The failures of the use of the Promise Program to prevent Nikolas Cruz from greater accountability years prior to a year ago are well documented. Excuses to protect the Promise Program as-is ranged from clerical errors in the process of paperwork to a lack of communication between officials about Cruz specifically. But there’s one immovable fact. Whether it was the Promise Program that failed or the people tasked with administering the program, it let Cruz slip through the cracks.
In the long list of failures by those in positions of authority that led up to the attack, this is the earliest. He was referred to the program in 2013, literally about as soon as it began. How’s that for tragic irony. The program had just been created and Cruz was to be one of its earliest participants. It’s not helpful to say that had it not been created at that point, there’s almost certainly a different outcome, but it’s the overwhelming reality.
Here’s data from the FDLE on the Promise Program:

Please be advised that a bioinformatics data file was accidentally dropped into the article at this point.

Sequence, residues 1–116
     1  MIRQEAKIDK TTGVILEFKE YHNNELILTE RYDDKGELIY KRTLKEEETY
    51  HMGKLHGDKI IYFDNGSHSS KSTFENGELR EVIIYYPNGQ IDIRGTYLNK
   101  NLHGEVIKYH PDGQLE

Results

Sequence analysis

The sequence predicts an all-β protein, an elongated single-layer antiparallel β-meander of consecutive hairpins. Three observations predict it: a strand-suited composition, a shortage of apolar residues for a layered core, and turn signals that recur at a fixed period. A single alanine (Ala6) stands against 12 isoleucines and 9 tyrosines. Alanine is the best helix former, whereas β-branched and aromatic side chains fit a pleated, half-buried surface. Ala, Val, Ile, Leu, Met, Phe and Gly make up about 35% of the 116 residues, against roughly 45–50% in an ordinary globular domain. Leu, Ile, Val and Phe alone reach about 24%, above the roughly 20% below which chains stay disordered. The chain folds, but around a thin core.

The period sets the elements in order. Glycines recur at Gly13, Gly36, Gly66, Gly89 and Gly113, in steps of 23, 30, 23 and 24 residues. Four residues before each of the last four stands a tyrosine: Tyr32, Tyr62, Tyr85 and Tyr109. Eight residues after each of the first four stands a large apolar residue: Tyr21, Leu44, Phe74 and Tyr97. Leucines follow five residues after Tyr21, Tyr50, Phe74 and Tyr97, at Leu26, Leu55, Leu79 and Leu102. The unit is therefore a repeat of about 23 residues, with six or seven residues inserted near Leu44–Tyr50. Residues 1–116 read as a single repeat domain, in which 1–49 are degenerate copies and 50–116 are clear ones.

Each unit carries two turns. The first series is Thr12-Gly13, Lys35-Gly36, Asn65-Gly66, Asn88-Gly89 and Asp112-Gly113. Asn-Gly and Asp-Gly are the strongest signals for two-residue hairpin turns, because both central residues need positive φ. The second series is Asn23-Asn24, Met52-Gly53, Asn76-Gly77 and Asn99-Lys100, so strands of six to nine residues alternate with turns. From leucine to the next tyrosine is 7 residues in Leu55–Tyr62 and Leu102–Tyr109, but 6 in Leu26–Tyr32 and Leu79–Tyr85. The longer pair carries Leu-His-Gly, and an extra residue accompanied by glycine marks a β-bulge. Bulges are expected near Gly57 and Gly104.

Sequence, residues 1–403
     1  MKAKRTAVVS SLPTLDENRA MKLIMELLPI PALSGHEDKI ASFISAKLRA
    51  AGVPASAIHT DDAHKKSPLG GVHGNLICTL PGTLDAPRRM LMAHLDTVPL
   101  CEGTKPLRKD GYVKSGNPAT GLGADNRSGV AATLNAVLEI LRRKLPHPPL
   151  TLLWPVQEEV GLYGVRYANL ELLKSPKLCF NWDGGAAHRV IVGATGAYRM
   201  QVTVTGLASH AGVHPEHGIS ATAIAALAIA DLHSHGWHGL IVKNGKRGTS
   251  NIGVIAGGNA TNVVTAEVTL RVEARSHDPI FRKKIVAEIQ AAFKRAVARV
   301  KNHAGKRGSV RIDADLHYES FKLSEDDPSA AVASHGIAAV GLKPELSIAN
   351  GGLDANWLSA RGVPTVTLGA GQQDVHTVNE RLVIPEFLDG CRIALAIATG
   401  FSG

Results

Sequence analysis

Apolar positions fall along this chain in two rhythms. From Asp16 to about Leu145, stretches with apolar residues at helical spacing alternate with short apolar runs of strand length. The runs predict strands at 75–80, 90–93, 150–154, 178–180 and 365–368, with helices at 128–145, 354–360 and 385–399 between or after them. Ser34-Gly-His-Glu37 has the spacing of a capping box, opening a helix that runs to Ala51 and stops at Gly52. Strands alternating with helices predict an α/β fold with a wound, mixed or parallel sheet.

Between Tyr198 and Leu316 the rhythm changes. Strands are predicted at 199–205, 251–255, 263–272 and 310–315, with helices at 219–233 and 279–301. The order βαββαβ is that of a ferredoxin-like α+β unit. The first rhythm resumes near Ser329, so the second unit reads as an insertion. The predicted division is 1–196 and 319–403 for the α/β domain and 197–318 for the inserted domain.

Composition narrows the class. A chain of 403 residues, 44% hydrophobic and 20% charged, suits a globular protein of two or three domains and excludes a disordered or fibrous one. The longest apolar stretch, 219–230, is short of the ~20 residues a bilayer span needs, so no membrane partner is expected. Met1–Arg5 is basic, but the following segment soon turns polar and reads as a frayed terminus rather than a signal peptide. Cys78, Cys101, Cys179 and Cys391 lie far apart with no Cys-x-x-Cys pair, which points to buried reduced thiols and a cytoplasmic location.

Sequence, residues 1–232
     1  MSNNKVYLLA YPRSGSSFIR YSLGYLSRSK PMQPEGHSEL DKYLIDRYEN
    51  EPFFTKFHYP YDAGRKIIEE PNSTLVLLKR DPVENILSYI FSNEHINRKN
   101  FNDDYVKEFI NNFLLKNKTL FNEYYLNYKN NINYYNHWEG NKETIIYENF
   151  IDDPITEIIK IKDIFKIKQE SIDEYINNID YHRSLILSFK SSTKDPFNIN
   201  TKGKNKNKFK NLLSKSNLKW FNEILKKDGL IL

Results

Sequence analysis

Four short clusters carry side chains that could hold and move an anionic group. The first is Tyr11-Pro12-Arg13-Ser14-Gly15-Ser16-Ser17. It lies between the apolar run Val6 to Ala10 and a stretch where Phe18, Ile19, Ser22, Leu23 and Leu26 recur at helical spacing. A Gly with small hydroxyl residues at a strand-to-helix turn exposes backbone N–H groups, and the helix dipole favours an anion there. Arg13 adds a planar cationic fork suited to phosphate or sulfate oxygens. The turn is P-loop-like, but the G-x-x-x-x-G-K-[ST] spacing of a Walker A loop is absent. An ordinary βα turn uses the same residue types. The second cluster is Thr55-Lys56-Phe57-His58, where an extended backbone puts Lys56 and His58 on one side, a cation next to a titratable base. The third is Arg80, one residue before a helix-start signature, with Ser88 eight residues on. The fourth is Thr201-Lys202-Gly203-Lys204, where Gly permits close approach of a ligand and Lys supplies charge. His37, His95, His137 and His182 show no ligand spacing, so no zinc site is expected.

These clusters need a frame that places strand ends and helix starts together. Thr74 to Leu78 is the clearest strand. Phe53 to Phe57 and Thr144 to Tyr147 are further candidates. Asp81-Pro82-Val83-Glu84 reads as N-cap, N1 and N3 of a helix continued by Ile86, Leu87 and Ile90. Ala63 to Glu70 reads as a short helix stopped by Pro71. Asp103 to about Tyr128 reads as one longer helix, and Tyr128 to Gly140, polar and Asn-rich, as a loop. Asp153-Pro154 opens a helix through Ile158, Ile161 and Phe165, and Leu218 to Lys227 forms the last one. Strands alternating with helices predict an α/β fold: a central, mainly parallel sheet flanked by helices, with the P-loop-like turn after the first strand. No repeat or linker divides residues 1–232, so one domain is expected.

- A juvenile could have multiple in-school PROMISE diversions and multiple out-of-school civil citation diversions without either system being aware of the multiple diversions.
- Generally speaking, recidivist behavior warrants criminal charges.
Does it make any sense to anyone that a juvenile could have multiple in and out of school problems and no one’s supposed to know because of the program? How does that addup.Sound good to you as a parent?
So yeah, let’s audit and go from there. The premise of Promise was likely always flawed.
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